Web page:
Rural fire departments are often staffed by volunteers who see it as a way to serve their communities. But being a volunteer firefighter or emergency medical technician "involves much more than just showing up for emergencies. In many ways, rural volunteer fire districts must work harder than 'career' departments to secure adequate funding, to maintain a workable infrastructure, and to recruit and properly train enough crew members for their needs," Kat Bryantreports
for The Daily World in Aberdeen, Washington.
Because fire-department funding is mostly based on locally assessed taxes, less-populated areas get less funding. But sometimes state law requires volunteer fire departments to provide extra services that they don't get compensated for, Bryant reports.
Assistant Fire Chief Shari Cutright of Fire District 8 in Pacific Beach, Washington, told Bryant that, for example, their EMTs must transfer some patients to paramedics for more advanced treatment. "Under state mandate, if a person is having difficulty breathing, it’s automatic that we have to meet up with paramedics, and they transfer the patient," Curtright said. "We get nothing from that; they get everything."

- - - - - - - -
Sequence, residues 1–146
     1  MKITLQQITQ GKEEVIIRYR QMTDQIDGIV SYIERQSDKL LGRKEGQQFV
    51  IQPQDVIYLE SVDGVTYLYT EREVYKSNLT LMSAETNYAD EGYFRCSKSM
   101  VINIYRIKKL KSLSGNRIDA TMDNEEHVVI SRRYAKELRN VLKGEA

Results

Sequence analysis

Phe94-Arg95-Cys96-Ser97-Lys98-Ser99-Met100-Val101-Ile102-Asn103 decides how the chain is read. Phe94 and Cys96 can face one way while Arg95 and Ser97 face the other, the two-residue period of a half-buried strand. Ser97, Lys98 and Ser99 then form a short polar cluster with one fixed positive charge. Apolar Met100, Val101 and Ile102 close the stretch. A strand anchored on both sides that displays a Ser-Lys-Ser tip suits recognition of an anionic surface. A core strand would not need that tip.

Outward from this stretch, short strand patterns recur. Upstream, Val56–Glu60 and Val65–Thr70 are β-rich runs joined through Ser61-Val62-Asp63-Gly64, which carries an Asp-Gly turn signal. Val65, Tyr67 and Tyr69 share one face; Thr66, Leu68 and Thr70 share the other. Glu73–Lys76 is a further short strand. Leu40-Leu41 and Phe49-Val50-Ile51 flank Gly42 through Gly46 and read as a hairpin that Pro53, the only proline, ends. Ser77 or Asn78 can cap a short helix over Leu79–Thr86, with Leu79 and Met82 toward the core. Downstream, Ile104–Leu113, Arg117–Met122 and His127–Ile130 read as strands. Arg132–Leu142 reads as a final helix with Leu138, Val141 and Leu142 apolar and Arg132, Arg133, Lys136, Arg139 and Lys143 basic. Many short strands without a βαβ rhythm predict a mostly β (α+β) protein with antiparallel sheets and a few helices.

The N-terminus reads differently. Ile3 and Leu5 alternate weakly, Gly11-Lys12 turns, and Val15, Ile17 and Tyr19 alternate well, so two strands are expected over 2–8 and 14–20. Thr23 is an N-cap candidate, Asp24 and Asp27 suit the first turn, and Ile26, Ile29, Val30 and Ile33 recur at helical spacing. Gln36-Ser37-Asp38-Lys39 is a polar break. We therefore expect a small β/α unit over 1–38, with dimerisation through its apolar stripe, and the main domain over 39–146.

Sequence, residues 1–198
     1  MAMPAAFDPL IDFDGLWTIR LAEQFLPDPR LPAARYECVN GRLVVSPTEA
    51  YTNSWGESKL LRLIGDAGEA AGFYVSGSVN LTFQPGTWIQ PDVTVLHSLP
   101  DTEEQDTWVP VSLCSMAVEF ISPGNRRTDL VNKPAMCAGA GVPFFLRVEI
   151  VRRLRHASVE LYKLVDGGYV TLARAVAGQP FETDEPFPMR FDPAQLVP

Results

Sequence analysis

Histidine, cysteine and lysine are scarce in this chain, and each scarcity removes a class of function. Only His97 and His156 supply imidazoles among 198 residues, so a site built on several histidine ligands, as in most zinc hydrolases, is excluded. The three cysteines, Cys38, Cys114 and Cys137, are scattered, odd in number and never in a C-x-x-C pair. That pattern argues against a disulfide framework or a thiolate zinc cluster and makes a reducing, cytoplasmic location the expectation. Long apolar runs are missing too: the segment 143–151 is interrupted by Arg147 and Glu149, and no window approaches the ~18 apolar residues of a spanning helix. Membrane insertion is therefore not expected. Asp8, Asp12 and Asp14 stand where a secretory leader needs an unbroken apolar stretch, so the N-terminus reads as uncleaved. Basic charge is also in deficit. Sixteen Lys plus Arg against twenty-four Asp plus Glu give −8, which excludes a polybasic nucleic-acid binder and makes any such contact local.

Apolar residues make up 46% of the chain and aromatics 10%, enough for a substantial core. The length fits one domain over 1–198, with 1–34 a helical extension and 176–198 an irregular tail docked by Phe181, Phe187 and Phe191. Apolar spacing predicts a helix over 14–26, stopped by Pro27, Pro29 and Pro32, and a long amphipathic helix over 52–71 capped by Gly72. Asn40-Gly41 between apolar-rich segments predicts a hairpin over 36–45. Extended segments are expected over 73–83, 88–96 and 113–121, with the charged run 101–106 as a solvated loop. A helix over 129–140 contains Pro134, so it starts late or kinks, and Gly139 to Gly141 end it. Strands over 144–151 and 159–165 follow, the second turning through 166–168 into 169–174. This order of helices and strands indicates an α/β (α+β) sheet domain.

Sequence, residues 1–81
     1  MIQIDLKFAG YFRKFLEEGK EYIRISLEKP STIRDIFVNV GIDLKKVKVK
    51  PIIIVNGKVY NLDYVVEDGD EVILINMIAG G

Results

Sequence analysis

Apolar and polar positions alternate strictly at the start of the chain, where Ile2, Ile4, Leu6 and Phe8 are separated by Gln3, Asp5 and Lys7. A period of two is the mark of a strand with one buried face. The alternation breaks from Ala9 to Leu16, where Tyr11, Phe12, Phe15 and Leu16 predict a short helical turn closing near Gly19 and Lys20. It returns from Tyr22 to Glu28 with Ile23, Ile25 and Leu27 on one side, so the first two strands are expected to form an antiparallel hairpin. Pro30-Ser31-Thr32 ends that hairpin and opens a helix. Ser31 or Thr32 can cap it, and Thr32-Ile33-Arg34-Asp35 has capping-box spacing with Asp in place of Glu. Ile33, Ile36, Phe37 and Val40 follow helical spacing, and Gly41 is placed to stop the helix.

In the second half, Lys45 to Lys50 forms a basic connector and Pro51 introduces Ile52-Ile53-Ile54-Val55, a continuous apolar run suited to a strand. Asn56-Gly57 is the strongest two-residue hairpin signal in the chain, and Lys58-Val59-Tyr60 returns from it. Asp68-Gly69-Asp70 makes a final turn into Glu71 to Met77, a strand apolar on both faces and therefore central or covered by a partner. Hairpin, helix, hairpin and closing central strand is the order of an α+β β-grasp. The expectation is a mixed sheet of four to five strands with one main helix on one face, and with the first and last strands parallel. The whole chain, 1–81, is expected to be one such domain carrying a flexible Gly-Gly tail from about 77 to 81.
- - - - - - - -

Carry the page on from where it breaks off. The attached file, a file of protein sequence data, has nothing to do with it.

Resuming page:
"And by 'everything,' she means the ALS transporter [the company the paramedics work for] charges not only the patient, but also District 8 for that run," Bryant reports. "That is generally how it works for the rural fire districts: [districts that provide only basic life support] must pay either monthly or per-transport fees to neighboring providers for paramedic coverage as needed."
Poor road and communications infrastructure can also complicate response for rural fire departments. Nick Falley, a firefighter and EMT with Fire District 7 in rural Washington, told Bryant it's difficult for volunteer firefighters to lobby local governments to address infrastructure problems. "When I bring it up with the county, they say we have these radio board (meetings) that are scheduled at times when our volunteer chiefs are at their (day) jobs" Falley said. "Career departments have the resources to vouch for their infrastructure, and then we kind of get the slim pickins — and we’re out in the areas where we really need it."